These days, with the world on fire, Teddy and The Rough Riders serve as essential workers, their latest LP– their first studio album– a perfect slice of aural therapy. Since 2017, the Nashville band has released a steady stream of singles, EPs, and one full-length, The Congress of Teddy and The Rough Riders. Their turnaround time between projects is brisk; however, a sense of urgency never figures its way into the music, each recording a meditative breather of interstellar country-rock bliss.
The Teddies– Jack Quiggins (guitar, vocals, and keys), Ryan Jennings (bass, guitar, vocals), and Luke Schneider (pedal steel and dobro)– are certified disciples of The Grateful Dead, The Band, and New Riders of the Purple Sage, and they do little to conceal their affections. Alongside these antecedents are also echoes of the concise and direct pop of Stiff Records icons Nick Lowe and Dave Edmunds, roots-minded rockers who crafted taut choruses with purpose.
For some bands, this mishmash of influences might result in a worst-case worlds-collide scenario– consider the bar band covering Gram Parsons, Guns n Roses and Green Day, trying to appease the entire crowd– but The Teddies make it work, tempering jam-band convictions with melodies that wind a bit before finding the hook. Margo Price, who produced T&RR, believes the band could be Music City’s greatest hope for musical solidarity: “Teddy and the Rough Riders are one of my favorite Nashville bands, and, given the chance, they will unite the hippies and the cowboys, the bikers and the stoners with their groovy country songs.”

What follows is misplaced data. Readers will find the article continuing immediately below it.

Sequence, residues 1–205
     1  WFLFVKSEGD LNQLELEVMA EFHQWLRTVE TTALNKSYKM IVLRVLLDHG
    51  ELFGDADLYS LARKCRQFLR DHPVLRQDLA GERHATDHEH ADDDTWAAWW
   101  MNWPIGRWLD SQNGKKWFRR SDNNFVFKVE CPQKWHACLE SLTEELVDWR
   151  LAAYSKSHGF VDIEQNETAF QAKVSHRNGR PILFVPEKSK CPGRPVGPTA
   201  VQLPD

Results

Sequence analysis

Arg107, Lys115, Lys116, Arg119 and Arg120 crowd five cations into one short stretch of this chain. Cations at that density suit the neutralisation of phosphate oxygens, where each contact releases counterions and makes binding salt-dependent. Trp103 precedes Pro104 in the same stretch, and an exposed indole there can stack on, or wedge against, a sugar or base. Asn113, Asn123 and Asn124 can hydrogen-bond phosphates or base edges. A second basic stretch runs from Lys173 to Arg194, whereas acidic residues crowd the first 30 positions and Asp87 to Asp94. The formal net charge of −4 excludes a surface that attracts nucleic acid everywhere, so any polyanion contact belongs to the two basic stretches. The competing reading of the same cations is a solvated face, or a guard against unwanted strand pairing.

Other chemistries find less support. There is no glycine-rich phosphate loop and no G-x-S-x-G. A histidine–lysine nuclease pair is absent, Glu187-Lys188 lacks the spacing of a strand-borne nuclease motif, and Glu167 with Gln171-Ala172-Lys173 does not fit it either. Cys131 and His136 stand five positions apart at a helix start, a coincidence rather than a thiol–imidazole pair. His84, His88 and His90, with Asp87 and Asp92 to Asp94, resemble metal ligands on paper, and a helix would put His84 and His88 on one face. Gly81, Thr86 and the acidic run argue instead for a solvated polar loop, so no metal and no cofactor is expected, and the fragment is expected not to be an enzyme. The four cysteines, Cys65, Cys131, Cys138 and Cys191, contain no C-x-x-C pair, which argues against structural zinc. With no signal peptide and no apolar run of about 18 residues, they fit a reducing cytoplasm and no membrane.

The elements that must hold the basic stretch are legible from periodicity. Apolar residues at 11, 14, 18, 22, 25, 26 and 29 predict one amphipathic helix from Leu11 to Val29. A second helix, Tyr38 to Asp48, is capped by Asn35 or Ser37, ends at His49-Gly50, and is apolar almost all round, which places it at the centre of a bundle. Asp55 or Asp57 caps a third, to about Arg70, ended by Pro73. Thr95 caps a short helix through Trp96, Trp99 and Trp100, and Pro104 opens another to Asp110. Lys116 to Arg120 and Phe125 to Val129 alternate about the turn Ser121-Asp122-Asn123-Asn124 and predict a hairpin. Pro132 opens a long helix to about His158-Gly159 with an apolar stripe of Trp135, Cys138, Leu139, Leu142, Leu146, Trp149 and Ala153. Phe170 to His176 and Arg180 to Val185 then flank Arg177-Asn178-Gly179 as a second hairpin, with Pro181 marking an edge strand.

And there is groove. Lead track “Go Luck Kind”, “Rhinestone Salute”, and “Sunset” motor just above mid-tempo, gilded by good-time lead guitar but most of T&RR spaces out. “Broken Bridges”, “Livin in the Woods”, and “Complacency” are tethered just enough to remain around the 3-minute mark, offering a breeziness that belies the lyrics’ Walden-esque social critiques. The band never succumbs to sloganeering, but they don’t forget it’s 2022, either.
The album closes with “Hey Richard”, a tribute not only to Little Richard but also to Hank Williams and Buddy Holly. Here, The Teddies immortalize in song a should-be-infamous scene from Little Richard’s autobiography, The Life and Times of Little Richard, that involves The Architect of Rock n’ Roll, Holly, and Angel, Richard’s girlfriend. (Page 85, in my copy) Paraphrasing Richard, they sing, “He came and then he went,” an in-joke, for sure, but further evidence that The Teddies are genuine students of the music that moves them.